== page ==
AUTHORS WE LOVE…BRONTË AURELL
Brontë Aurell left Denmark years ago to explore the world, but throughout her travels, she has remained fascinated with her kinfolk. Brontë’s fourth book, North: How to Live Scandinavian, is a humorous but incisive look at what it means to be Scandinavian. She is a food writer, and television and radio guest chef, as well as the co-founder of ScandiKitchen, a café, grocery shop, online store and wholesale business. We sit down with the author to discuss the concept of ‘hygge’ and what we can learn from the Scandinavian way of life.
What was the inspiration behind the book?
For ten years I’ve been writing our blog posts for ScandiKitchen – all about how to be more Scandinavian in your everyday life. It became so popular that we decided to write it all in a book. Then Anna Jacobsen came onboard to take the photos, and the result is a beautiful book that hopefully gives people a sense of what we Scandis are really like, both visually and culturally. It even has a chapter on how we slice cheese and how to annoy us.
What is Hygge?
Hygge is the state of mind that you can find when you are with people you love (or even alone) – a space where time doesn’t matter, where there are no outside disruptions from phones or internet. Where you can just ‘be’ and feel content. It costs nothing, it requires nothing – except your presence and your appreciation of it as it happens.
In three easy steps, how can we feel more Hygge in our lives?
Hygge cannot be forced, but it can be encouraged. Switching off your phone, creating a comfortable atmosphere and maybe adding some snacks or treats all help. Anything that sets a scene for a nice, comfortable time. On a winter’s evening, perhaps this is a few candles and a glass of wine with friends. Maybe it’s ‘Netflix and chill’ with a bowl of candy and your best mate. Or alone. Maybe it’s wrapping up in a nice blanket or even going camping and sitting in the rain in a tent sharing a packet of biscuits with your kids. There are no phones, no outside influences – just appreciating the moment while you’re in it. That’s hygge.
Hygge is about appreciating the moment while you are in while you are in it.
How would you describe the Scandinavian sense of style?
In one word: Lagom. Lagom is Swedish for not too much, not too little – just right. It is an undefinable amount, but it is very important. It resonates in everything Scandinavians do. Lagom is not having two cinnamon buns but stopping at one. Lagom is pizza for lunch, salad for dinner – it’s all about balance. Lagom is a practical car. Lagom is functional design (from a Danish designer table to Ikea – it’s all lagom, because there are no unnecessary ‘extras’ and it fits the purpose). Our fashion is definitely lagom too because our style is never excessive – we like practical and stylish. Our houses are practical and not cluttered. We rarely do ornaments, because they rarely serve a purpose.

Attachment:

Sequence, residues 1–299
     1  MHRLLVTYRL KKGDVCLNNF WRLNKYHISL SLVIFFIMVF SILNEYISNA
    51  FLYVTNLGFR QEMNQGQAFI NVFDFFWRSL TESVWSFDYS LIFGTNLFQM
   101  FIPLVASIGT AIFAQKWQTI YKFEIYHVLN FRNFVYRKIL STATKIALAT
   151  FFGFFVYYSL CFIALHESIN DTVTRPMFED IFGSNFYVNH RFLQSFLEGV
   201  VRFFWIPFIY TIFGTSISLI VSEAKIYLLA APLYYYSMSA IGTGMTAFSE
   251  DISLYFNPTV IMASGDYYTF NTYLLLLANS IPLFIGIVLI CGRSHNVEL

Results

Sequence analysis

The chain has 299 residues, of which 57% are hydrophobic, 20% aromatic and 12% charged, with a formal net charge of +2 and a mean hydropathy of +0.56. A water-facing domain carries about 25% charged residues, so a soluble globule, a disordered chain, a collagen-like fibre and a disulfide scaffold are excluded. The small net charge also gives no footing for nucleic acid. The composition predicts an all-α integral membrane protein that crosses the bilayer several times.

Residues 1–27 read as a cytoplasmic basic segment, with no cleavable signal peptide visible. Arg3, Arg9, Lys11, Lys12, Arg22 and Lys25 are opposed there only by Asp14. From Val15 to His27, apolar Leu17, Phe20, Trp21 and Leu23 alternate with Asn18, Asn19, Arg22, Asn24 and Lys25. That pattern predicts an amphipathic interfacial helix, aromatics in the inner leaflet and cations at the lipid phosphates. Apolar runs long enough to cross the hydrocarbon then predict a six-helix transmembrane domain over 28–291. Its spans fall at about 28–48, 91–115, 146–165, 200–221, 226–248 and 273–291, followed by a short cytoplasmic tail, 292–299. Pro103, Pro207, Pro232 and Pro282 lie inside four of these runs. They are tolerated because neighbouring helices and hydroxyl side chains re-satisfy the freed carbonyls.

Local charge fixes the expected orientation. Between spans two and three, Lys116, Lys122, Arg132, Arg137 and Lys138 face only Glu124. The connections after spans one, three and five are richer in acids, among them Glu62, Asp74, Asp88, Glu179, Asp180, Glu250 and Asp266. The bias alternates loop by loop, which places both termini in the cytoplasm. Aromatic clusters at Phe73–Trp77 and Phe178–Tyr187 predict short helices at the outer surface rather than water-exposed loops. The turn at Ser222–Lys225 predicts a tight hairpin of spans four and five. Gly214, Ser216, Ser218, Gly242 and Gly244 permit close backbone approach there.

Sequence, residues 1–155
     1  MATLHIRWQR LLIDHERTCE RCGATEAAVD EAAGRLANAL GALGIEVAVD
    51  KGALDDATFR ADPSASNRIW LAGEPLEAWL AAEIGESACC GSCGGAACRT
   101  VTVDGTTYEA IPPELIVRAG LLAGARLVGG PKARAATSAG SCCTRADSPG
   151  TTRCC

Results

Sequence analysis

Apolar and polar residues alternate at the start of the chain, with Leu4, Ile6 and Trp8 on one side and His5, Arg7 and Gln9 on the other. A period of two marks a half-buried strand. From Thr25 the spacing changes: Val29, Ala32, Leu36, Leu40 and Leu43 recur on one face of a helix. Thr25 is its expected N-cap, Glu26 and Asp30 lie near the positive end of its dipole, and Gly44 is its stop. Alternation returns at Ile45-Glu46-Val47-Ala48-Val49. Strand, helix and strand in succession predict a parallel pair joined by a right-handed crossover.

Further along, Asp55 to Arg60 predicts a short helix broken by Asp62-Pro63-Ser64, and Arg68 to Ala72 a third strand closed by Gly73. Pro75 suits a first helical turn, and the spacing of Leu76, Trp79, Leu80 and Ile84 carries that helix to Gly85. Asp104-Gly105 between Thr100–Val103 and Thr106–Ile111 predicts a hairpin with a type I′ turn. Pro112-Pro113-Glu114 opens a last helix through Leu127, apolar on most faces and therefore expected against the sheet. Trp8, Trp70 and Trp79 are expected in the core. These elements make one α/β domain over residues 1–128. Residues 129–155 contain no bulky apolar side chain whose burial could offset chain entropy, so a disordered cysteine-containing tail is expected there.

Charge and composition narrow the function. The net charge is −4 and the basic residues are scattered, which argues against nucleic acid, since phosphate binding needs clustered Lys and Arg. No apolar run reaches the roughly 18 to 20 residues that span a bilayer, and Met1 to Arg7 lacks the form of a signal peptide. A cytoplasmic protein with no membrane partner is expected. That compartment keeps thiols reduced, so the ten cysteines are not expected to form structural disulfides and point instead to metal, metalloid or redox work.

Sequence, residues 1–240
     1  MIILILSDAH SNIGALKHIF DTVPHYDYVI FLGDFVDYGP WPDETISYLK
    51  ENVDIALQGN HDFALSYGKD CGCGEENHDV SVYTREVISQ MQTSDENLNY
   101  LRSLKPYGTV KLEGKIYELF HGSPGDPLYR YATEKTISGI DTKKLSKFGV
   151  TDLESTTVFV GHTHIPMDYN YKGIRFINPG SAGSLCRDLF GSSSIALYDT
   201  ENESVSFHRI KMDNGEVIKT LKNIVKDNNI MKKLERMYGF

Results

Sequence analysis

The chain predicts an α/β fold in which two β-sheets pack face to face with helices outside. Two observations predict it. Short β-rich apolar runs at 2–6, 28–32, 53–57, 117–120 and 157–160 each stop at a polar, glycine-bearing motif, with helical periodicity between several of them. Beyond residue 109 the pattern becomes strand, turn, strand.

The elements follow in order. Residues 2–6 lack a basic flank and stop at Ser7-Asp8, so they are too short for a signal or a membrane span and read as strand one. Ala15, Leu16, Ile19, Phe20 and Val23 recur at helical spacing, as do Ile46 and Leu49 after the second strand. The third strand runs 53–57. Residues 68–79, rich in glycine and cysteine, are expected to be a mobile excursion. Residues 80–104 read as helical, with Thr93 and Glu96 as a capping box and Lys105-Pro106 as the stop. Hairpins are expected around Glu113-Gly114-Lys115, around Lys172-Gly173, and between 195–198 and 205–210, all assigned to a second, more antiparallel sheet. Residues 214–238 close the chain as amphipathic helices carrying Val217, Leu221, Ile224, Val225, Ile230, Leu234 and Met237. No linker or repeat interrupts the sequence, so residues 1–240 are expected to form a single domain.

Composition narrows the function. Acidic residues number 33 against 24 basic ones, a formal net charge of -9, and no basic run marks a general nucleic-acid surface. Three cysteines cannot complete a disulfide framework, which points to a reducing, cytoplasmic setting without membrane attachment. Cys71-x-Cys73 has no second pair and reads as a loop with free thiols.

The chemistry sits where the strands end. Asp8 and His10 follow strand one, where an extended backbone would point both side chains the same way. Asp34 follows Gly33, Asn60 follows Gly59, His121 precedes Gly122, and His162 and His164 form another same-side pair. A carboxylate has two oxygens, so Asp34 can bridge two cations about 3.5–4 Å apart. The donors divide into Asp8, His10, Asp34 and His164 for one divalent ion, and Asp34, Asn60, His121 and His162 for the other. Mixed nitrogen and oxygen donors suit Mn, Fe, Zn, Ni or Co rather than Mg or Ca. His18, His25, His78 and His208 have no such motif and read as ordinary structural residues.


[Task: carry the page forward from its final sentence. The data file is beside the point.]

Tell us more about the art of fika.
Fika means to meet up for a cup of coffee and a snack, often a cinnamon bun or similar. It can be both a verb and a noun – you can fika with someone or meet for a fika. You can fika with your best friend, your mum or even go on a fika date (very casual). You fika twice a day with colleagues, too.
What is the best advice you’ve been given?
“Keep the main thing as the main thing”. My old boss used to say this over and over. I get distracted easily, so I hear these words in my head a lot! And “if you’re more than 70% sure, go for it”. Risks are good, but I prefer somewhat calculated ones with a bit of gut-feel thrown in.
I was never one to parade around in shoes that didn’t fit just because they were the right colour. I am absolutely all about feeling happy in my clothes.
Do you have a go-to outfit that always makes you feel confident?
I do! I’m quite a casual person – my favourite pair of jeans, my favourite boots, a nice blazer and a scarf and I’m ready for the day. I feel confident when I feel relaxed.
Can you describe a time when you have felt empowered?
There’s a few… the publication day of my first book, when I stood up in front of 500 people as a founding member of the Women’s Equality party, and the moment I set up my own little t-shirt ‘label’ called #ProudImmigrant almost by accident – we have sold over 500 t-shirts so far just by wearing them (they were never made to be sold, it just happened organically and because people asked).
I’m an immigrant and I am proud of it. I still wear those #ProudImmigrant t-shirts every week and I get hugs from strangers (and questions, too). It’s a good dialogue.